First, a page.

[ros-users] Uservoice-like Suggestions Page

Geoffrey Biggs geoffrey.biggs at aist.go.jp
Fri Jul 20 00:00:04 UTC 2012

On 20 July 2012 04:49, Jonathan Bohren <jonathan.bohren at gmail.com> wrote:
> Does anyone else feel like we need some better way to coordinate these
> things to prevent code death or such fragmentation from happening to the ros
> community? My recent experiences have made me concerned for the future
> health of the ecosystem.

I don't necessarily agree with this. I think the problem described is
the same problem faced by Linux in general (the operating system, not
the kernel). There are thousands of abandoned software packages
available for Linux, a large proportion of which are available through
various distributions' package managers despite being orphaned. I
think the approach to this issue can be decided based on what ROS's
goal actually is:

Is ROS meant to be a single, cohesive software project with
distributed development teams working on various parts of it? In this
case, I think that centralised ticket management makes sense - but it
also requires someone to sit at the centre and maintain that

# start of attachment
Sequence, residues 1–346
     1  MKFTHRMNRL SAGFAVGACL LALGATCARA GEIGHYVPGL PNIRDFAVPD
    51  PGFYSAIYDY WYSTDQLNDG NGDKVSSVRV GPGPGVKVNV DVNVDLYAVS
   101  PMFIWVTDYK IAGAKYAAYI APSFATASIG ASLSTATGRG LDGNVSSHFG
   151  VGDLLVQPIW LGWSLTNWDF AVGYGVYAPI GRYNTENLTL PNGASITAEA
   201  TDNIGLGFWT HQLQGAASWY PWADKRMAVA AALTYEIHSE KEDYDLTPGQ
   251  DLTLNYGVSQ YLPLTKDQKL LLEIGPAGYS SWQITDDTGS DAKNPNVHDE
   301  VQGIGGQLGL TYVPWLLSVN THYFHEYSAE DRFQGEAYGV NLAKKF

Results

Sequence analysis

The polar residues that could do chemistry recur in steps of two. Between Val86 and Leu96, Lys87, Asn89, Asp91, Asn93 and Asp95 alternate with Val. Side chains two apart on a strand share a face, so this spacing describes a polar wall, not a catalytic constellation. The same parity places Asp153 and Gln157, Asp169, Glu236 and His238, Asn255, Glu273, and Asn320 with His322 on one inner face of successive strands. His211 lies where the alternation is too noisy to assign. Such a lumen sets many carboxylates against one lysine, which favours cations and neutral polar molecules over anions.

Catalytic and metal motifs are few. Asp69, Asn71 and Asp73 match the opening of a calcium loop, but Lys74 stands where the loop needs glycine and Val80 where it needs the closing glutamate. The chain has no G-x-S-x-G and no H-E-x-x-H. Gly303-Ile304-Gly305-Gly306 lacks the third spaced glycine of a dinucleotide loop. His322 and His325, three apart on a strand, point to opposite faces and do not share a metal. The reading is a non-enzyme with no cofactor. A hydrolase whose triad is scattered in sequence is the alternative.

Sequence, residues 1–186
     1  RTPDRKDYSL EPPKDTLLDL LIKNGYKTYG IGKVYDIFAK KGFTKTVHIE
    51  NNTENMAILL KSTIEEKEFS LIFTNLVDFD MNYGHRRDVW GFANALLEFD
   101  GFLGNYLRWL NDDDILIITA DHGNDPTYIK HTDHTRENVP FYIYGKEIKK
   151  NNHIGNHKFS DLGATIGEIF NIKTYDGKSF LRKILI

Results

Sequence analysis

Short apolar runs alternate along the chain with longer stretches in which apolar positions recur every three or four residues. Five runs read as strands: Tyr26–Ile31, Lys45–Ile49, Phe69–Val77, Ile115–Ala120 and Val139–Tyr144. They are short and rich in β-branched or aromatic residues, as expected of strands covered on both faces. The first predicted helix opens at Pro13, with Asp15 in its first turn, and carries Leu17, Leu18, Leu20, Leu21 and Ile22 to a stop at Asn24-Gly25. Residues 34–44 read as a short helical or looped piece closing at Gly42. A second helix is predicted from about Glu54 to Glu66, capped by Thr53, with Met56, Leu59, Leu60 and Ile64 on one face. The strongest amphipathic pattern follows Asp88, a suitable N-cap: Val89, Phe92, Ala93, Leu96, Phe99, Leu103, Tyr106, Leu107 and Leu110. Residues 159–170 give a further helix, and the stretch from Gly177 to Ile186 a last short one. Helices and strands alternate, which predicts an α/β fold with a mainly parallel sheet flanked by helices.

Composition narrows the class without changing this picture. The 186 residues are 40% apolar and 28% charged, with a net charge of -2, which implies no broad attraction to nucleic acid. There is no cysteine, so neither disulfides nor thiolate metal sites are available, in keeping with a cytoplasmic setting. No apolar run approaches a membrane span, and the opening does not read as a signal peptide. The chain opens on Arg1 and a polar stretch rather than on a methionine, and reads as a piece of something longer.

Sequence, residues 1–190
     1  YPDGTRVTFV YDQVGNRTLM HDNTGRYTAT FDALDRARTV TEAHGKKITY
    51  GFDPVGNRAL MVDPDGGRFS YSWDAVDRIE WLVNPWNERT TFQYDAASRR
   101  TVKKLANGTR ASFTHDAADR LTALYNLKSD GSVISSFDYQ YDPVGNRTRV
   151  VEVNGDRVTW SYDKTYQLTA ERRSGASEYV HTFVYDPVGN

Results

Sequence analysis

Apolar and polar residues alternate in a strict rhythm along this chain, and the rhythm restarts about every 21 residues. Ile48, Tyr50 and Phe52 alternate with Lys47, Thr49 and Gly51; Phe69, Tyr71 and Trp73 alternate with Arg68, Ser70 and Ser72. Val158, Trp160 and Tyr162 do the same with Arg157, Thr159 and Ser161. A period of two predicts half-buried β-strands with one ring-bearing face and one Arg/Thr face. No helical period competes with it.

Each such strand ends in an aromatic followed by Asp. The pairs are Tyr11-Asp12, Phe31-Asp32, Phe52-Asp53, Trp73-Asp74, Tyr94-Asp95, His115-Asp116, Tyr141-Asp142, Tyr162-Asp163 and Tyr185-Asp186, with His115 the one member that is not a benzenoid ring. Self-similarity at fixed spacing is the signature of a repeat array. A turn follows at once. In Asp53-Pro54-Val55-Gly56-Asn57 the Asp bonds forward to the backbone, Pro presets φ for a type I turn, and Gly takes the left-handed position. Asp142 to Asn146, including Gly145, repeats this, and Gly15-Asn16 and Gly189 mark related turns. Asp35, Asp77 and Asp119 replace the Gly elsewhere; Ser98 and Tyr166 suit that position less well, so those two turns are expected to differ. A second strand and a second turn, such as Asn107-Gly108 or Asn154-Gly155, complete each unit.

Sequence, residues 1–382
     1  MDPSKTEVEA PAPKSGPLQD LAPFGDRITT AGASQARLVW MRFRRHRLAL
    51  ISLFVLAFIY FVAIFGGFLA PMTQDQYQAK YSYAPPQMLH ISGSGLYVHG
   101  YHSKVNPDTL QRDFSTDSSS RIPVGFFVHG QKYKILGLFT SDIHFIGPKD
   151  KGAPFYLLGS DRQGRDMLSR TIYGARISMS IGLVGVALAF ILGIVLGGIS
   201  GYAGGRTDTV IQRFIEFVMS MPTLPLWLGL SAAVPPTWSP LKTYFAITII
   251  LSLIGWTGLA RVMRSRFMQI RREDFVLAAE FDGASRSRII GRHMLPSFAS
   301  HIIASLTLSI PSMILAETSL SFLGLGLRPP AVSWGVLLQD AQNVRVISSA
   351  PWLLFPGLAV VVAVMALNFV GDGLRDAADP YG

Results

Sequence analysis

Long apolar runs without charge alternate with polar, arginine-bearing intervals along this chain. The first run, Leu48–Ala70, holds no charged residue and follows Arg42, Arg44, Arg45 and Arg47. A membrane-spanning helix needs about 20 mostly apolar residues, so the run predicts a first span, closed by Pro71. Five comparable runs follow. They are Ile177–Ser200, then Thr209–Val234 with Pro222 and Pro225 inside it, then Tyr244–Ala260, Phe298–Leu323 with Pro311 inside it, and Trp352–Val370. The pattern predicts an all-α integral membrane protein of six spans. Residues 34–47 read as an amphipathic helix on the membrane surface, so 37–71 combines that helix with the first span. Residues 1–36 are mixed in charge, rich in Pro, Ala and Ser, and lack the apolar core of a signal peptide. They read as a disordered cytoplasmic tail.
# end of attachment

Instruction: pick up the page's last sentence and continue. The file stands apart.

Is ROS meant to be an operating system style thing with lots of
independent packages developed by independent teams? In this case,
then the current approach should be maintained, and we must accept its
warts, working around them as appropriate.

I personally think ROS is, or at least should be, the second option,
and we should look at how various distros manage these problems. For
example, Gentoo removes unmaintained packages from its repository and
relies on them being provided by overlays managed by the people who
care about those packages. Using a package from an overlay tells you
you're not getting the same level of support. Debian/Ubuntu's
multiverse and PPAs could be seen as doing something similar.

I think that Thibault's idea is the best approach we could take right
now. Giving people the information they need to make an informed
choice of packages is more useful than trying to kickstart back into
development a package that does not necessarily need it. I often use
Wikipedia's "Last release date" information when choosing amongst
alternatives for a piece of software.


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